The 10 best design, architecture and furniture books of 2019

Manual of design history

The title already tells a lot, if not all: a manual (easy to read) that takes into consideration many areas of design with all their implications in our real life and our customs. In between, the story of the many weaves between human genius and design. As in the cases of the invention (at the beginning of the industrial era) of the steam engine and the prototype of a plastic bottle capable of making drinking water.
Link to “Manual of design history“.

Arnaldo Pomodoro’s Labyrinth

A book for children able to make even adults discover the works and genius of Arnaldo Pomodoro, probably the most important Italian sculptor of the second half of the 20th century. This book-project by Cariplo Foundation makes Pomodoro’s work understandable thanks to technical details such as die-cut pages and metallised Pantone prints: a sensory journey that literally allows one to touch the works of the great artist from Pesar.

Link to “Arnaldo Pomodoro’s Labyrinth”.

The masters of architecture (Collector’s edition)

A series of dedicated monographs that expose the ideas and styles behind the projects of the best arch-roofs of the latest generations. Inside, full-page color photographs, illustrations, sketches, technical drawings, historical framing of each work and interviews. Among the great names in architecture: Renzo Piano, Zaha Hadid, Massimiliano Fuksas, Norman Foster, Stefano Boeri, Mario Botta, Aires Mateus.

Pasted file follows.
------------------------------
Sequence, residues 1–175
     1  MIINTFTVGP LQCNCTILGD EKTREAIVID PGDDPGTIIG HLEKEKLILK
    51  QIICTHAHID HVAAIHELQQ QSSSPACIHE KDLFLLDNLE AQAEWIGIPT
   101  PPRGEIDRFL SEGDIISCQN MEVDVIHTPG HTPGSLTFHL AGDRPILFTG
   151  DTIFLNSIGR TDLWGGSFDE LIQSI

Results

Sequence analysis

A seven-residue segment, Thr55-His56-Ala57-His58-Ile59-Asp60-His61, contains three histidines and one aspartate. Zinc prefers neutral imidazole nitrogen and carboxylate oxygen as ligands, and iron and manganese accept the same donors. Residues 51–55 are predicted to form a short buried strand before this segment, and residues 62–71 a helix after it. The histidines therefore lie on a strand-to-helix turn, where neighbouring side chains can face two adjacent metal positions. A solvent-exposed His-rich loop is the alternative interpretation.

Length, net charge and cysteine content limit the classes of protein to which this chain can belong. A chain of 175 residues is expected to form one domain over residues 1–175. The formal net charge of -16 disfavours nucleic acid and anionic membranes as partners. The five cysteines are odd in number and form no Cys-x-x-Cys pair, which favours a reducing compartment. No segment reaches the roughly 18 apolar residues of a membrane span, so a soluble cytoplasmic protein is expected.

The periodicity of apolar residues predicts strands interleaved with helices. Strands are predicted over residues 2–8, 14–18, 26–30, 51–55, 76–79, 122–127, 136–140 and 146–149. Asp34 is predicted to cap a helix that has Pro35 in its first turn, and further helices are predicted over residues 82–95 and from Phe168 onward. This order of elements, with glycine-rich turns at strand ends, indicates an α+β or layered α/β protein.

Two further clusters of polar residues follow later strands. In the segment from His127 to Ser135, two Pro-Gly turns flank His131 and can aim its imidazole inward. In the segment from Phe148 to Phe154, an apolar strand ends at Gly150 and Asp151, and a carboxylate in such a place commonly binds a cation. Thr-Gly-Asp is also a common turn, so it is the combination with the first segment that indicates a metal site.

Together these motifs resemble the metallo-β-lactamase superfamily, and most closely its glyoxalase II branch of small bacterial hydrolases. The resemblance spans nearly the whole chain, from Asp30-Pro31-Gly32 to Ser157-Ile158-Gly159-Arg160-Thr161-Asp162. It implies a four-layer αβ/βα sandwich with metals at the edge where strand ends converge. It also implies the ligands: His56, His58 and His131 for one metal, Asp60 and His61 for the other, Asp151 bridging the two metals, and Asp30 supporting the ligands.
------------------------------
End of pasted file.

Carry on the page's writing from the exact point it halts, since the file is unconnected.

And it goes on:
Link to “The masters of architecture”.


Unlike the other books in this selection, this is not an essay but a novel. Written by Theresia Ezensberger (daughter of the writer, poet and intellectual Hans Magnus Enzensberger), she tells the story of Luise who, in 1921, arrives at the Bauhaus school of the masters Gropius, Klee and Kandinsky with the hope of a brilliant career ahead of her. But she will soon discover that even in the environment of the most famous German design school in history, a male chavinist culture predominates. A fresco on a period of Germany rich in cultural ferment and a different look at the Bauhaus school from which some of the greatest minds of contemporary design and art came out.